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Inside the church of Sant'Onofrio on the slopes of the Janiculum Hill in Rome. 
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Inside the church of Sant'Onofrio on the slopes of the Janiculum Hill in Rome.

Wikipedia: The church was built in 1439 on the site of an ancient hermitage, as part of a cloistered monastery of the Hieronymites that existed here from the 15th-16th century. It is the official church of the papal order of knighthood Order of the Holy Sepulchre. A side chapel is dedicated specifically to the Order and a former grand master, Nicola Canali is entombed there. The church contains reminders of Torquato Tasso, the author of Gerusalemme Liberata, the epic poem that retells the deeds of the crusaders who fought to regain possession of the Holy Sepulchre itself. After wandering all over Italy, the poet requested and obtained shelter at the monastery of Sant’Onofrio and spent the last years of his life there.

"The ‘dim religious light’ of the church’s interior is well suited to the almost Gothic lines of its main structure, but the richness of the Renaissance glows in the gold of the frescoes adorning the apse. On the authority of Vasari these are attributed to Peruzzi, though the influence of Pinturicchio is evident in some of them, while others maintain that they are by Jacopo Ripanda in collaboration with Lombard painters. They represent God the Father, the Birth of Christ, the Flight into Egypt, the Coronation of the Virgin, and the Virgin and Child enthroned, surrounded by the Apostles, saints, sybils and angelic musicians." (Georgina Masson: The Companion Guide to Rome, Woodbridge 2009).

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Frescoes in the apse, Sant' Onofrio, RomeFrescoes in the altar, Sant' Onofrio, RomeThe epitaph of Torquato Tasso, Sant' Onofrio, RomeThe church of Sant' Onofrio, RomeThe church of Sant' Onofrio, RomeSaint Onuphrius (Sant' Onofrio, Rome)
Inside the 12th century church of San Nicola in Carcere on Via del Teatro di Marcello in Rome, Italy. 
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Inside the 12th century church of San Nicola in Carcere on Via del Teatro di Marcello in Rome, Italy.

"San Nicola in Carcere is a church dedicated to St. Nicholas of Myra, the patron saint of sailors and of children and the remote cause of the phenomenon of Santa Claus. It is a minor basilica and a titular church, and is also the regional church for those from Puglia and Lucania living in Rome.

Perhaps the most interesting thing about the church is that it incorporates the remains of three temples of the Republican era (2nd century BC) which used to stand in a row, side by side in the ancient Forum Holitorium with their entrances facing east. [...]

The nave has seven ancient columns in the arcades on either side, and as mentioned they are not a matching set. Most are Doric, but the four nearest the presbyterium are Ionic. The flat 19th century nave ceiling is coffered in large panels, and is richly decorated in blue and gold with rosettes and tendrils. The coat of arms of Pope Pius IX is displayed. The ceiling of the transverse presbyterium is higher.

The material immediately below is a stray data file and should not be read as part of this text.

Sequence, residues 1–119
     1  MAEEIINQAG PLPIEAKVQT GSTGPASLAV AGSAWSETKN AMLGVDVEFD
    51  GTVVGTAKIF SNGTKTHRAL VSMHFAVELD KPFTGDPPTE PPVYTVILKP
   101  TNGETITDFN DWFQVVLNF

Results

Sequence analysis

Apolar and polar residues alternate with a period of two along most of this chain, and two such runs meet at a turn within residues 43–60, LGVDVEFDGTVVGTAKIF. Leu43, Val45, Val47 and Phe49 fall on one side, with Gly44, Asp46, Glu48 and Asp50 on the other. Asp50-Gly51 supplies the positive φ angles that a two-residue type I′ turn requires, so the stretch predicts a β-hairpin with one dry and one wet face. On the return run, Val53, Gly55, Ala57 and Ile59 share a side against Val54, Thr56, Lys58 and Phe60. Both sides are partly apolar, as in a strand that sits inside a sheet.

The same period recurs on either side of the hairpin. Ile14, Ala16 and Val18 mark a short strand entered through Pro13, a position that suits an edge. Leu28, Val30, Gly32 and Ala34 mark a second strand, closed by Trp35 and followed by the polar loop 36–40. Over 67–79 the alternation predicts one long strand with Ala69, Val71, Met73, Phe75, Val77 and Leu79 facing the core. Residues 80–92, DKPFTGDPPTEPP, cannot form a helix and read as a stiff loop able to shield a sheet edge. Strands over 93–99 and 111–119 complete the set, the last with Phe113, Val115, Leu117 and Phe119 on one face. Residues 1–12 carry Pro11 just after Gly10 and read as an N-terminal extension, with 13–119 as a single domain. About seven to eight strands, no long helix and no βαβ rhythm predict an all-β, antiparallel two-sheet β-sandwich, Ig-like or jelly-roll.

The high altar has a baldacchino, and beneath it is an antique green serpentine bath containing the relics of martyrs. [...] There is a U-shaped sotteraneo in front of the altar, with a marble balustrade. The apse behind the altar has frescoes from the 19th century restoration, and are of 1865. On a fluted column near the door, you can see the 11th century dedicatory inscription." (Text from the Churches of Rome Wiki).

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San Nicola in Carcere, Rome
Watching the sun rise over Rome from the Gianicolo Hill. 
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Watching the sun rise over Rome from the Gianicolo Hill.
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A Gianicolo sunrise
Inside the church of Santa Maria dell'Ammiraglio, commonly called the Martorana, on Piazza Bellini in Palermo, Sicily. 
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Inside the church of Santa Maria dell'Ammiraglio, commonly called the Martorana, on Piazza Bellini in Palermo, Sicily.

"The church is renowned for its spectacular interior, which is dominated by a series of 12th century mosaics executed by Byzantine craftsmen. The mosaics show many iconographic and formal similarities to the roughly contemporary programs in the Cappella Palatina, in Monreale Cathedral and in Cefalù Cathedral, although they were probably executed by a distinct atelier. [...] The nave dome is occupied by the traditional Greek image of Christ Pantokrator surrounded by the archangels St Michael, St Gabriel, St Raphael and St Uriel. The register below depicts the eight prophets of the Old Testament and, in the pendentives, the four evangelists of the New Testament. The nave vault depicts the Nativity and the Death of the Virgin. The newer part of the church is decorated with later frescoes of comparatively little artistic significance. The frescoes in the middle part of the walls are from the 18th century, attributed to Guglielmo Borremans." (Text from Wikipedia).
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La Martorana, Palermo: the sad Christ Pantokrator from the apseLa Martorana, PalermoLa Martorana, PalermoLa Martorana, Palermo: the only remaining portrait of King Roger IILa Martorana, Palermo: George of Antioch
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Thursday, Nov 2, 2017: On the walls of Palácio da Pena in Sintra, Portugal
Palácio da Pena
Czy to już jest koniec? :( (widz)
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